Shavuot literally means ‘weeks’, specifically the seven weeks counting from the second night of Passover.
Shavuot started as an agricultural holiday when the ‘first fruits’ of the spring barley harvest were brought to the Temple in Jerusalem. It has since also come to signify the period of fleeing Egypt until receiving the Torah at the foot of Mt. Sinai. It is tradition to read the Book of Ruth. It is often a time for new converts to be welcomed into the community, in honor of Ruth, Judaism’s first convert. Other traditions include all night Torah study – to commemorate receiving the Torah, and eating dairy foods – since the words of Torah are like ‘milk and honey’!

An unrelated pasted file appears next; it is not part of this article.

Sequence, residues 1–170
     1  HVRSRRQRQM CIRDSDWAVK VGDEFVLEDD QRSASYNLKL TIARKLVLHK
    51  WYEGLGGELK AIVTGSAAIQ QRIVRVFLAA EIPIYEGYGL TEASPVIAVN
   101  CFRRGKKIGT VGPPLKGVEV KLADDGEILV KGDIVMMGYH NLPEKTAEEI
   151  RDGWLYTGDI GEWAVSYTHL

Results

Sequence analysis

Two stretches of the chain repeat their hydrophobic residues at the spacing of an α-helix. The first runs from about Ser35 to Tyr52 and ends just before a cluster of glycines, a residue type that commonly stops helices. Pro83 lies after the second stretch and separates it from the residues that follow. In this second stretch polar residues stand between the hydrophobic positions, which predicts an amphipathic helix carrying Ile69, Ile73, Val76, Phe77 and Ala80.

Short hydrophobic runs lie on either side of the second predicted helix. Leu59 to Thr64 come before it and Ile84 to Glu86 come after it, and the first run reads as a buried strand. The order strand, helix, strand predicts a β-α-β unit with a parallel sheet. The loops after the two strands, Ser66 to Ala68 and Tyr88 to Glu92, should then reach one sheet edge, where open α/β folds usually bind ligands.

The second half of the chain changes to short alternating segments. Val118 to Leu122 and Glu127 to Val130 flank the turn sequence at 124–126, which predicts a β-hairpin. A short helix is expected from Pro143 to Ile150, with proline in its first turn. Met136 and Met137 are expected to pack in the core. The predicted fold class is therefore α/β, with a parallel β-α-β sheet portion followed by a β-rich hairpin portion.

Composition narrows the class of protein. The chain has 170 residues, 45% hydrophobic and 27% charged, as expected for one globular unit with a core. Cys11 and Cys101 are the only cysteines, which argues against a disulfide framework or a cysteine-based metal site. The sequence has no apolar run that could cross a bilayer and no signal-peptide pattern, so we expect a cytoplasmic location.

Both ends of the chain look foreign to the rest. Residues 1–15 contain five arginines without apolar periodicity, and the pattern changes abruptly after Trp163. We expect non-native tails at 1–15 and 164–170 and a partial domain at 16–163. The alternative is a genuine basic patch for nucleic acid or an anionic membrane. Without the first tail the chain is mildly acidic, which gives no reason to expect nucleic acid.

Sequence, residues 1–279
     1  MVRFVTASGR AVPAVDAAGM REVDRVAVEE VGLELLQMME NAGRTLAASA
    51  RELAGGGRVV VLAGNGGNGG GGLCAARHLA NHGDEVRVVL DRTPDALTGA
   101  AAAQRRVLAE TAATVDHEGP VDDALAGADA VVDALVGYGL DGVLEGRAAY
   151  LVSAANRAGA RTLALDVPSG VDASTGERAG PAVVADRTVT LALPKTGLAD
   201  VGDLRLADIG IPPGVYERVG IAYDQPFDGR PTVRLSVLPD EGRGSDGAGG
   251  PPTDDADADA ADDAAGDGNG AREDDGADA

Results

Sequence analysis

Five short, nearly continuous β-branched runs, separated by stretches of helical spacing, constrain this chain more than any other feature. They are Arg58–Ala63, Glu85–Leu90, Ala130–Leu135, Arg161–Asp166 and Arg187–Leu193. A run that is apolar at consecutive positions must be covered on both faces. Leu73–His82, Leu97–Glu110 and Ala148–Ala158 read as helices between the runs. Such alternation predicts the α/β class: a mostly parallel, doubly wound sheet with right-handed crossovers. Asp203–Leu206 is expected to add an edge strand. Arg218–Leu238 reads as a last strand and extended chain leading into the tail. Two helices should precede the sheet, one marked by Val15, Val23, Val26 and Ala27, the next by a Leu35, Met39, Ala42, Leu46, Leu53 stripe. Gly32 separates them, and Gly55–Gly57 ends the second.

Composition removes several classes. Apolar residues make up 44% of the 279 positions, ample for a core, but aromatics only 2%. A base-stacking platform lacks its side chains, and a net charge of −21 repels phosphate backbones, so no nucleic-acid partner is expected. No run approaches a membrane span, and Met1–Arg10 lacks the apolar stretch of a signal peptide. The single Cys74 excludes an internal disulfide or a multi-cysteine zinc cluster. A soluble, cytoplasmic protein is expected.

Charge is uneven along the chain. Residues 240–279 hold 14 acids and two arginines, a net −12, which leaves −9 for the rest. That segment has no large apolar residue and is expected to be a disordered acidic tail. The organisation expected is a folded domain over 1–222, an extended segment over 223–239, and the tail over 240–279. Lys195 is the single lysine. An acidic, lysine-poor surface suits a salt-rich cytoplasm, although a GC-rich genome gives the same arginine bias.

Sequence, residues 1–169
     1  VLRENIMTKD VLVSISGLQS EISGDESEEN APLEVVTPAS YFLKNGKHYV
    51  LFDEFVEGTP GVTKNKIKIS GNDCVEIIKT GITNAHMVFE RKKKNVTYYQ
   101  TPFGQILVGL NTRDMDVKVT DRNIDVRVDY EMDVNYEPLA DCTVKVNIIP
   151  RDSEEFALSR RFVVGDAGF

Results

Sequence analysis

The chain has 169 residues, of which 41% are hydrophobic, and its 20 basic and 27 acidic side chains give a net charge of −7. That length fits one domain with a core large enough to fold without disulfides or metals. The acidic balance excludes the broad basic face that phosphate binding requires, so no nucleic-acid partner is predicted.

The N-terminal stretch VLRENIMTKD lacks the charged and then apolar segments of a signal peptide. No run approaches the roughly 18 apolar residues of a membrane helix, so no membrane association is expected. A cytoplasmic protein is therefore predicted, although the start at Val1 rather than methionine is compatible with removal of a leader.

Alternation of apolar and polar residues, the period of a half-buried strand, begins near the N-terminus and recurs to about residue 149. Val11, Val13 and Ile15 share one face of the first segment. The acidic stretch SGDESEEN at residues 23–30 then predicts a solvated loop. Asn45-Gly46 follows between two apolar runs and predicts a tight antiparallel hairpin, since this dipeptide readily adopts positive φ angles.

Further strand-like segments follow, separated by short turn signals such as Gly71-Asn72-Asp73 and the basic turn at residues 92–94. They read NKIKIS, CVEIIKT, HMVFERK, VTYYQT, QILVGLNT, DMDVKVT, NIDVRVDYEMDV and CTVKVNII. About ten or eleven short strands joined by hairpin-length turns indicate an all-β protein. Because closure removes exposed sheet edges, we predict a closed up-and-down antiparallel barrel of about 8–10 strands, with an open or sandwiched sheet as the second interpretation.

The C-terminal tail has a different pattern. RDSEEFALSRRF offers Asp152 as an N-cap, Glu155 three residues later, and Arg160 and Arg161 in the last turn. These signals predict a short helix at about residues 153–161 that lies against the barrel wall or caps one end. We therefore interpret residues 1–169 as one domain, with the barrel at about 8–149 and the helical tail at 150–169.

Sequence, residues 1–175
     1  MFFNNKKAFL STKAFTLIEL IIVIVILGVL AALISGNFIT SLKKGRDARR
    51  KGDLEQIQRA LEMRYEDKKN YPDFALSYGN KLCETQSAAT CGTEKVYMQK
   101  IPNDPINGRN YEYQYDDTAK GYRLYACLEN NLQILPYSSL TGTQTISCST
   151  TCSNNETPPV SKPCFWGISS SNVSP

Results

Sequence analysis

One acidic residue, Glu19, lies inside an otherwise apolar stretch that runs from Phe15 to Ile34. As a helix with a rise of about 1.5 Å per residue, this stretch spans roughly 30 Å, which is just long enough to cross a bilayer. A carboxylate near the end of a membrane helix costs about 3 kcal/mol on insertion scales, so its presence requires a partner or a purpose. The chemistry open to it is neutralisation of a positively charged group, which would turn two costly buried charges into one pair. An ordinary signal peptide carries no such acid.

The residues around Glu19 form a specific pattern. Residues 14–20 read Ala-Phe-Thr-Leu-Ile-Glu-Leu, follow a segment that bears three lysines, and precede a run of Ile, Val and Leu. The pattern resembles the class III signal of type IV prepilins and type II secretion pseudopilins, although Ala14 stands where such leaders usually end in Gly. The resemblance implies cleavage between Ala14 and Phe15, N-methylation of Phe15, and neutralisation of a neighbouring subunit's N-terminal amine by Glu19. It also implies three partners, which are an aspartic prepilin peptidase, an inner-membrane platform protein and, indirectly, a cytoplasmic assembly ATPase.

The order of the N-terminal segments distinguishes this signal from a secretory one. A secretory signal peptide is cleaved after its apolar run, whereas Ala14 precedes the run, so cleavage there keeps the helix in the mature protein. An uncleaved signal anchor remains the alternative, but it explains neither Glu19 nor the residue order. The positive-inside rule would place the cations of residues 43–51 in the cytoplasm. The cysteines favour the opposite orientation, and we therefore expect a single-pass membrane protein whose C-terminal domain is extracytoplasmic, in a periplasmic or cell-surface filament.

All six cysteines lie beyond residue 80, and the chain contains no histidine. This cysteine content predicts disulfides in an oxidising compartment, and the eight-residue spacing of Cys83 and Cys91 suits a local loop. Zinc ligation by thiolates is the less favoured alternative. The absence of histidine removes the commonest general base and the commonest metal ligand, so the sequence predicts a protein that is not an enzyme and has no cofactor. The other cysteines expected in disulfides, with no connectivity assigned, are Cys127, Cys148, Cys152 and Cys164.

Shavuot often occurs after we have concluded our visits from our student rabbis, so only occasionally do we at TBI do something to commemorate this day. This year Rabbi Brett will be here to help us celebrate this festival holiday!